Friends with benefits.
Friend noun. A person attached to another by feelings of affection or personal regard.
Benefit noun. Something that promotes or enhances well-being; an advantage.
Pretty benign so far. Let’s delve deeper.
Friends with benefits. (via Urban Dictionary.com. The world’s most trusted and accredited dictionary written by…apparently…you. Eyes YOU suspiciously. Mmmhmmm.
1. Two good friends who have casual sex without a monogamous relationship or any kind of commitment. A good straightforward definition. Textbook case. Verdict: naive and idealistic.
2. Friends by day, sex partners by night. What would have happened if Superman and Lois Lane ever really got it on. The superhero version of casual dating. Minus the spandex leggings. Unless you’re into that kind of thing.
3. A safe relationship that mimics a real partnership but is void of or greatly lacking jealousy and other such emotions that come with a serious relationship. “Other such emotions”? By which you mean…love, caring, affection… Thanks. But no thanks.
And, my personal favorite (because of it’s glaring accuracy):
4. A healthy, fun sexual relationship with two people…until one falls for the other, the friendship blows to pieces. And those two people find themselves worse off than they were before. Yup. That sounds about right.
Now. Before everyone gets all crazy with worry that I’ve been partaking in such a…relationship? Undertaking? Arrangement? Selling of my soul and emotional well-being?
Mom, I’m talking to you.
It is not so. Rather. I have been propositioned.
Remember that whole JDate thing. I did it. Took the plunge, forked over 30 bucks for a month worth of…being asked for random sex, apparently. (Quite frankly, I could have gotten that at just about any bar in this damn city. For free.)
Okay, that’s a little reductionist. Here’s what really happened. I signed up, put up a profile picture in which I look super adorable (not to toot my own horn or anything. But it really is super adorable.) and sat back, waiting for the message to roll in. And roll in, they did.
Most of them were no-gos. Some were old. Some were ugly. Some were obese. Some were unemployed. Some were stupid. Some wrote “yo hot stuff” in their message to me. (Guys, really? “Yo hot stuff” will never get you anywhere. Ever.)
And then, some were Italian. Italian and Jewish. Italian and Jewish and super attractive. So I thought, damn. Jackpot.
And did what any normal JDate-er extraodinaire would do. I messaged him back. In my usual quippy witty snarky bubbly absolutely endearing manner.
To which he responded. I hope you’d be into casual sex/friends with benefits.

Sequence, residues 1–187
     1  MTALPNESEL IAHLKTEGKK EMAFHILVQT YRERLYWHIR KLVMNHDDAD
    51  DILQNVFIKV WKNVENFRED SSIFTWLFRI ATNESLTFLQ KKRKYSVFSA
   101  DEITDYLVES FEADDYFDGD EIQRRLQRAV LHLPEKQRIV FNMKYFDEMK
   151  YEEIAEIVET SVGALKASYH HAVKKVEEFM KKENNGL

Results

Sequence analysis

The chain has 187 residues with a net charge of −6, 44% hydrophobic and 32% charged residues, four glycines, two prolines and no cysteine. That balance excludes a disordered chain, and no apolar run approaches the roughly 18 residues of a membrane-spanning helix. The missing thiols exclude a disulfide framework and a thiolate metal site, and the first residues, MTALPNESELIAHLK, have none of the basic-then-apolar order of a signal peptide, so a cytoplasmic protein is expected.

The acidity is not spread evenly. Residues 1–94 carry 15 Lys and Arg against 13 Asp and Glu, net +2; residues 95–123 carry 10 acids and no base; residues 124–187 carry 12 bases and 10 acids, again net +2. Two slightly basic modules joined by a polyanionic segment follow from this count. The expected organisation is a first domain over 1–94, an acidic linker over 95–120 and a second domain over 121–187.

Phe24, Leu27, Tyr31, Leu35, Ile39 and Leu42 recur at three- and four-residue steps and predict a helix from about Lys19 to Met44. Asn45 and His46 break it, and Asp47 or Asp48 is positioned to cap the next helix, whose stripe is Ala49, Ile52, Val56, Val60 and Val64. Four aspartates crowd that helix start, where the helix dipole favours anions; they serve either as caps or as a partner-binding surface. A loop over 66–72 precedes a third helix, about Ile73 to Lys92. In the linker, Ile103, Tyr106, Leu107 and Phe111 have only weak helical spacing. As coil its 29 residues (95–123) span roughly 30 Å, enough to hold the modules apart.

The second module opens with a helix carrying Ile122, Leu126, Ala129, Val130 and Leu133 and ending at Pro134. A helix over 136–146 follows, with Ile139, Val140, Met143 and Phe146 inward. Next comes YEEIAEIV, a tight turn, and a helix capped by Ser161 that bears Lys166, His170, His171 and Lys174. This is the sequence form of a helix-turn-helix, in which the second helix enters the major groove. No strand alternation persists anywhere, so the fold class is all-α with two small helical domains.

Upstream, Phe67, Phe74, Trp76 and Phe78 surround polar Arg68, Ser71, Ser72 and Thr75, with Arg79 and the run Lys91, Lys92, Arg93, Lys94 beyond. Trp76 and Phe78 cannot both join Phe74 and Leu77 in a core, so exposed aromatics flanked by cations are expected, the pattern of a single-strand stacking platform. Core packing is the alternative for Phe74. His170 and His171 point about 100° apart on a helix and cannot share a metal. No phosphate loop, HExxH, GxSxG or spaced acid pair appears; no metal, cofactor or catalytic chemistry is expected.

That was it. The entire message consisted of that one sentence.
Friends. (Huh? Friends? Maybe. After the sixth or seventh or twenty first date.) With. Benefits. (Benefits? Really? Whom exactly is going to benefit? Because I doubt it will be me. Anyone with that little game probably has no idea what he’s doing between the sheets. And I have not the time nor the energy to teach him. I’m getting too old for that kind of bulls***. Seriously.)
Thanks but. No thanks.
I’d much rather sit at home. Spending my time on the men who I know will never let me down. Men like Michael Symon. Who tell me to spend approximately forty eight hours making only one meal. And to whom I listen.
Because oh how wonderful that meal is! Soft, moist, pull-apart meat that is rich with flavor after being braised with a sauce that itself has been allowed to simmer away for hours and hours and hours (times eight) on end.
Friends with benefits? Maybe. But only in the most endearingly delicious kind of way.
Italian Braised Beef with Root Vegetables
Serves 6, adapted from Symon’s Live To Cook
1.5 lb rump roast
Freshly ground black pepper
1 tbsp olive oil
1 carrot, diced
1 onion, coarsely chopped
1 rutabaga, peeled and cut into 1 inch chunks
4 garlic cloves, minced
1 cup red wine
2 cups Yia Yia’s Sunday Sauce – recipe below (or any tomato sauce)
2 bay leaves
1. Season the roast with salt and pepper. Heat the oil in a large cast iron pan. Sear all sides of the meat and place into the slow cooker.
2. Throw the carrot and the onion into the pan. Saute until starting to brown. Add in the garlic for about 30 seconds. Add them to the slow cooker along with the rutabaga chunks.
3. With the pan off the heat, deglaze with the wine. Pour into the slow cooker. Add the tomato sauce and the bay leaves. Mix as best you can, then cook on low for 7-8 hours. Serve over pasta, polenta, mashed potatoes, winter squash, etc.
Yia Yia’s Sunday Sauce
Makes about 2 quarts, adapted from Symon’s Live To Cook
1/4 cup olive oil
1 large spanish onion, finely diced
6 garlic cloves, sliced
2 (28 oz) cans San Marzano tomatoes (I used diced)
1 cup dry white wine
1 package sliced white mushrooms
1 bay leaf
1 tbsp dried oregano
1/4 tsp freshly ground black pepper
1 tbsp crushed red pepper flakes
**NOTE – rather than the mushrooms, Symon instructs you to simmer the sauce with some small beef bones to impart a meaty flavor to the sauce. Given the difficulty that Kim had with some pork bones for another Symon recipe (and also the fact that I have no idea where to find small beef bones), I decided to add mushrooms instead to give off that umami flavor. Natashya added beef bouillion cubes while Kim added beef broth, both of which are great ideas.
1. Heat the oil in a saute pan over medium heat. Add in the onion and cook until translucent, about 2 minutes. Add the minced garlic and cook for another 30 seconds.
2. Place onion and garlic into the slow cooker. Add all the other ingredients. Stir well. Cook on low for at least 8 hours. I ended up letting mine go for way more than that…about 12…because I wanted it to thicken a bit. I can tell you, it was no worse for the wear. This would make a great pasta sauce or pizza sauce and is a good thing to have stocked away in your freezer.